The streamers, of course, are resisting. The nature of this legal battle has cities and streamers discussing in court the operations of digital video delivery in detail — for instance, how a company like Netflix moves data and where it maintains its local servers. It also has the parties attempting to square these operations with what’s specifically in the statutes.
For instance, in the Missouri case, Netflix claims it isn’t a “video service provider” and therefore isn’t subject to rules meant for cable operators. Netflix turns to the relevant law, which defines video programming as what a television broadcast station does. “Netflix does not provide programming comparable to that provided by a television broadcast station,” argue attorneys for Netflix, adding that city ordinances specifically exclude services that enable users to access content from public networks. Like streaming. At least that’s how Netflix sees it.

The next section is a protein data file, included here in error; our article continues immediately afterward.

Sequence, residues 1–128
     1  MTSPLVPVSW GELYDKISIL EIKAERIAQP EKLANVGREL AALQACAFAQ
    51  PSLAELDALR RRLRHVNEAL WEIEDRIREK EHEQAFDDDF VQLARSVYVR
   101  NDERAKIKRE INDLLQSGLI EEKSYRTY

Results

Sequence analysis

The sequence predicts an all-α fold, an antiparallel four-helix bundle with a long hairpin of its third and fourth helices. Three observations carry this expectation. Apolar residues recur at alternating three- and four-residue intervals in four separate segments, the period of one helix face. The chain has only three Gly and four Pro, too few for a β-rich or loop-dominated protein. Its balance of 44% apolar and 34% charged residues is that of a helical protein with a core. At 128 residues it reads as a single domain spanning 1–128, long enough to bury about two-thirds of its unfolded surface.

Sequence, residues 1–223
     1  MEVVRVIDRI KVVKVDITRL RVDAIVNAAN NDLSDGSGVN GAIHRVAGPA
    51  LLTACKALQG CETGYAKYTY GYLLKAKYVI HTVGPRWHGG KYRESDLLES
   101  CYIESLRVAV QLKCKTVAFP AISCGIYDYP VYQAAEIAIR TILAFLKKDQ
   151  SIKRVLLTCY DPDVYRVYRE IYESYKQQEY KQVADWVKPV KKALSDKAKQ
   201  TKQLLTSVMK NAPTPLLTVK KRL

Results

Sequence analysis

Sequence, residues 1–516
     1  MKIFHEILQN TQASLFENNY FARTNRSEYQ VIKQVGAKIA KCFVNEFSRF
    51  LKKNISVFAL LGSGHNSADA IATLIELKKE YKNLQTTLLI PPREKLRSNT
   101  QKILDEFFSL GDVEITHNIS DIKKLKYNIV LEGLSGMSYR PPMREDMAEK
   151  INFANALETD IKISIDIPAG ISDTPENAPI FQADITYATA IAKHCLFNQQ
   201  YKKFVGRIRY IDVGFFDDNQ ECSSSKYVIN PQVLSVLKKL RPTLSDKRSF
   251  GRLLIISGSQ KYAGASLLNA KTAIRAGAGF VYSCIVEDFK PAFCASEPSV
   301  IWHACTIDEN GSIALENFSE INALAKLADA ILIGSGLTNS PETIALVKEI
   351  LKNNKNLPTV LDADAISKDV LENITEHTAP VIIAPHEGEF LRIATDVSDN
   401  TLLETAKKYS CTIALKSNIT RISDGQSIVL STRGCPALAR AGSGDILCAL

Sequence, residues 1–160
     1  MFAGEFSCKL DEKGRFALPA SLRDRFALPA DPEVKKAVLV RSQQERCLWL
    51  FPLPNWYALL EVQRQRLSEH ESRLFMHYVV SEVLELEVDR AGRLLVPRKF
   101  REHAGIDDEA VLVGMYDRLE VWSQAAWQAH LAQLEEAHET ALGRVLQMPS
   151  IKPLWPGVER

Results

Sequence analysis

Creve Coeur, of course, has a different take. It emphasizes how Netflix maintains privately owned local facilities and pushes a different interpretation of Missouri law. The city’s lawyers argue that in 2007, the state legislature took another look at franchise fees with new technology in mind. “The legislature purposely gave the VSP Act a broad scope because it knew that new companies using new technologies that were not in existence in 2007 would likely someday provide TV content to Missourians through the public right-of-way and would similarly need to pay municipalities a VSP fee for that use,” states a memorandum.